“The only way a country prospers is through productivity enhancements,” former Canadian Prime Minister Brian Mulroney told the audience at the JOC Canada Trade Conference in Toronto during his keynote address.
A wide-ranging discussion by Canada’s 18th Prime Minister saw him address Canada’s deteriorating relationship with the United States and his pride in having negotiated the first North American Free Trade Agreement with his counterpart at the time U.S. President Ronald Reagan.
“I call it NAFTA 2.0, because I negotiated NAFTA 1.0,” Mulroney quipped.
He also put forward the idea that the deal should be expanded to include other countries in the Western Hemisphere.
“Canada and Mexico should set this aside and say, ‘Look this has worked so well, that we want to devise something called the free trade area of the Americas,” which would include 34 countries from Central and South America and produce $26 billion of goods annually.
He reasoned that this would be a better path forward than the current route chosen by current U.S. President Donald Trump, who is using the threat of tariffs to force Mexico to staunch illegal immigration into America.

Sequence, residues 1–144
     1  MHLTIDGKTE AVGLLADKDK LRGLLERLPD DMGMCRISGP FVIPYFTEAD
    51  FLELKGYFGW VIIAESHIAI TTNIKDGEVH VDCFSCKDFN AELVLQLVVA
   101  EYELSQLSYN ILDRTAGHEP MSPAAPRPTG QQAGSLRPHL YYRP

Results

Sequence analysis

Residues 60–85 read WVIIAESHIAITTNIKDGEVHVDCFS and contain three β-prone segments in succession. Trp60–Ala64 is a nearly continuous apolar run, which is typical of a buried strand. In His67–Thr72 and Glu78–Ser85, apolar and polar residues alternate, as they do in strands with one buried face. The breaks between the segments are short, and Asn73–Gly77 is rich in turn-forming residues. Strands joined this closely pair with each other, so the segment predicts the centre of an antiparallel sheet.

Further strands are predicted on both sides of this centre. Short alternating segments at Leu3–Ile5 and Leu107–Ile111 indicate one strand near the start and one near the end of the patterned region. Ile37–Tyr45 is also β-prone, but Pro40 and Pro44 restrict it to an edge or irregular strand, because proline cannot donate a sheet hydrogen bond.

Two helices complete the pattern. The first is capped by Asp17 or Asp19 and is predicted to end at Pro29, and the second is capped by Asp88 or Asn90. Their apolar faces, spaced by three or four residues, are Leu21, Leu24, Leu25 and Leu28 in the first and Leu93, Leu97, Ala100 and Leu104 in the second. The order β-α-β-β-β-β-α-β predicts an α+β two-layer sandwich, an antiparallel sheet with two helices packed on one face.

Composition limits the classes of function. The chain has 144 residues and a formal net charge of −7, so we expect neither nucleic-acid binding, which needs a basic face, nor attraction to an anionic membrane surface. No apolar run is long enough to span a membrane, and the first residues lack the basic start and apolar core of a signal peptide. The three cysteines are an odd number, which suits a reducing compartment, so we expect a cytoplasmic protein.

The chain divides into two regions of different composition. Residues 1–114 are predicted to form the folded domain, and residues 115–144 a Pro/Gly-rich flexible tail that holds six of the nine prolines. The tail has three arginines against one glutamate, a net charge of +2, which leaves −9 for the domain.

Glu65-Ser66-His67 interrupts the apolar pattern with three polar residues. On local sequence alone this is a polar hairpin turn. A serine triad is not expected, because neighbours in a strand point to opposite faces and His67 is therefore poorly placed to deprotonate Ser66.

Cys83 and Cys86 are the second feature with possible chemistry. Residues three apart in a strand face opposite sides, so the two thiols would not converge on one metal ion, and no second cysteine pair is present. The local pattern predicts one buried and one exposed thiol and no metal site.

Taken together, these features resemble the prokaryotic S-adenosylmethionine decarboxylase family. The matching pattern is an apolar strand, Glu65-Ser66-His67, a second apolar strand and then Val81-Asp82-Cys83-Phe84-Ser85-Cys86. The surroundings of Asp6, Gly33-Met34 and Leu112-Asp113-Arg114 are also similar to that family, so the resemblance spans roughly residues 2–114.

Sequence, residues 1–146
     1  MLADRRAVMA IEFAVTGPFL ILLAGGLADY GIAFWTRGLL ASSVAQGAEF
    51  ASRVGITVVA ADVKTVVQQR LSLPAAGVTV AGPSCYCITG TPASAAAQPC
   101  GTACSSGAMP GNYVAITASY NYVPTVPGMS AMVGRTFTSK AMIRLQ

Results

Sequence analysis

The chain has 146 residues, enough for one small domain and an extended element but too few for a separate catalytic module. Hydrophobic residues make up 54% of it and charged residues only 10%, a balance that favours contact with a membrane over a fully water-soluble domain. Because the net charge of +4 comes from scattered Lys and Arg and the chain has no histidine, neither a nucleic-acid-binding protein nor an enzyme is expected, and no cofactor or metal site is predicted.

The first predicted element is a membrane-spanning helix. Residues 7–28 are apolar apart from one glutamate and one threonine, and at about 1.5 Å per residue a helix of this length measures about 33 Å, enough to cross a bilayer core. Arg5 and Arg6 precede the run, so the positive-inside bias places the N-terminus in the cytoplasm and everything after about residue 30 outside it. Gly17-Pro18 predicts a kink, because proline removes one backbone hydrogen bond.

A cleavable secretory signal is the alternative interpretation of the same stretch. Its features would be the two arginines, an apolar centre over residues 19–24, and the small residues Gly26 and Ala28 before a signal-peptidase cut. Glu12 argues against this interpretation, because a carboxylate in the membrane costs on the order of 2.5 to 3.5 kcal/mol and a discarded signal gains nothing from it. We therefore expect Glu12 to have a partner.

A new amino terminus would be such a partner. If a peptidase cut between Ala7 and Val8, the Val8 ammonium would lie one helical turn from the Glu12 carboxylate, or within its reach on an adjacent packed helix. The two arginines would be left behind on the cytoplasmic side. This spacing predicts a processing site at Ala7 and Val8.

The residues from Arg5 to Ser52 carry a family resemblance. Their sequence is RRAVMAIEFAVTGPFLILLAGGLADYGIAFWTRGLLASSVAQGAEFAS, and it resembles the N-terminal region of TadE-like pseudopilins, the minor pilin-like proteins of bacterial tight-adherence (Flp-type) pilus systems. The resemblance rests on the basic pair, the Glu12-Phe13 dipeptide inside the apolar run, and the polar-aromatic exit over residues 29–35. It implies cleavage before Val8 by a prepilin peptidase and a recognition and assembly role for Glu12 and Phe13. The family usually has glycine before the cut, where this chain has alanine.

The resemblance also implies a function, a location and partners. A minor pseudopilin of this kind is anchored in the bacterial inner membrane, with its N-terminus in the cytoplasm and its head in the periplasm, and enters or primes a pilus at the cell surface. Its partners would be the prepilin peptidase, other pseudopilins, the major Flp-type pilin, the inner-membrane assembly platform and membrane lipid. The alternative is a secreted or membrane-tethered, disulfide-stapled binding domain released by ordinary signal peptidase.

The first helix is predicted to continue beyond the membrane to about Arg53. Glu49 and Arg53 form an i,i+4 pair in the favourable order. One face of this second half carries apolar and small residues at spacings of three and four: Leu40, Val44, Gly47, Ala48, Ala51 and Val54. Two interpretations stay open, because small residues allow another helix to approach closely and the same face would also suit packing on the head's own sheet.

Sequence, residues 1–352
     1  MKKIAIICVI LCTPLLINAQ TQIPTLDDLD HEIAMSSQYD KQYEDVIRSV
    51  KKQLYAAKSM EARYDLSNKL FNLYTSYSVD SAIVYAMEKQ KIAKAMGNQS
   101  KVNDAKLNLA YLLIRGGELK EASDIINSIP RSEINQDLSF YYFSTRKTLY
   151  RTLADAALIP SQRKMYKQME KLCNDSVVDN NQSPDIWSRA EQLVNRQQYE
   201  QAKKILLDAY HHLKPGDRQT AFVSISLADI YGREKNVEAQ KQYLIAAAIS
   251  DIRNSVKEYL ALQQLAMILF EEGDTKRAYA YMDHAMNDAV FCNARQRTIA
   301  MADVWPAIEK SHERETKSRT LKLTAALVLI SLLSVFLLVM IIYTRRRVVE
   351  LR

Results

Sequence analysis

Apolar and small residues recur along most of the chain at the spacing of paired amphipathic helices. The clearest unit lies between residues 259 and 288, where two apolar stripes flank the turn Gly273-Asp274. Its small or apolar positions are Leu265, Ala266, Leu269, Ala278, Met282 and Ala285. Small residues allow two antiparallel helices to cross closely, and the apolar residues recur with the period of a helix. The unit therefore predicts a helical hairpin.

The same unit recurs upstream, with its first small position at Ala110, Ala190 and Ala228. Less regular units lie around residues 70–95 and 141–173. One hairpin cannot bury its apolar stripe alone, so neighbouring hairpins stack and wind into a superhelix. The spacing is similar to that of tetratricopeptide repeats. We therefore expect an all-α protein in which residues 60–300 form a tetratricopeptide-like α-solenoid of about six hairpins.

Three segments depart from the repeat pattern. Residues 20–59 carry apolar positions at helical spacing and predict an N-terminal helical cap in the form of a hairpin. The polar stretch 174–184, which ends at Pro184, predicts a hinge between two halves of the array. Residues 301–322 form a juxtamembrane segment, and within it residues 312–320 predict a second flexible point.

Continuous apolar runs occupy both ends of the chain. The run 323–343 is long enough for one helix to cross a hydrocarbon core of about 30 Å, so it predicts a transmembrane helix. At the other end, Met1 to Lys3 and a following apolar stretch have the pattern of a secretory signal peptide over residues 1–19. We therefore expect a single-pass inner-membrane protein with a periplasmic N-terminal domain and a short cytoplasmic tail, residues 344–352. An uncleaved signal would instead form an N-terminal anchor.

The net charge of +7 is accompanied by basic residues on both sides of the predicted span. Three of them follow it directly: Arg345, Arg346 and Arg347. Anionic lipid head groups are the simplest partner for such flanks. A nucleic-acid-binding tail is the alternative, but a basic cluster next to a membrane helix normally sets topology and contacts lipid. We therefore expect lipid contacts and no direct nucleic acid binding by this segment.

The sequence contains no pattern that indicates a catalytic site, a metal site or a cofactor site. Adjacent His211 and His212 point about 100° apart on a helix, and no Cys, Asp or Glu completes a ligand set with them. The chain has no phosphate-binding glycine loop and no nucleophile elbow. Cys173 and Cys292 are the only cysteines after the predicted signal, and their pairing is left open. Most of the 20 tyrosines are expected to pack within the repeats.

“Why are they coming across the border?” Mulroney asked. “They’re looking for economic opportunity.
“This issue is the mutual responsibility of our counties and we need genuine leadership. We have to think not only about our issues, but others as well.”
Leadership is key to navigating Canada’s place in the world, especially as the U.S. and China appear to be on a collision course.
“That’s our way out of the collision,” Mulroney mused, adding: “Leadership is looking around the corner of history, 10, 20 years out.”
It’s also about relationships with your fellow leaders, which is not as simple as it was during Mulroney’s time in office, when he says Reagan never failed to consult him before making a decision that impacted their neighbours to the north.
“Access is worth its weight in gold and it is important for Canada.”
Mulroney also addressed the current Federal government’s review of port authorities, a subject he has intimate knowledge of, having started his legal career as a lawyer for the Canadian Shipping Federation in the 1960s.
“Generally speaking I would be in favor of privatization of Canadian ports,” he said after recounting his role in privatizing companies such as Air Canada and Petro Canada during his term from 1984 to 1993.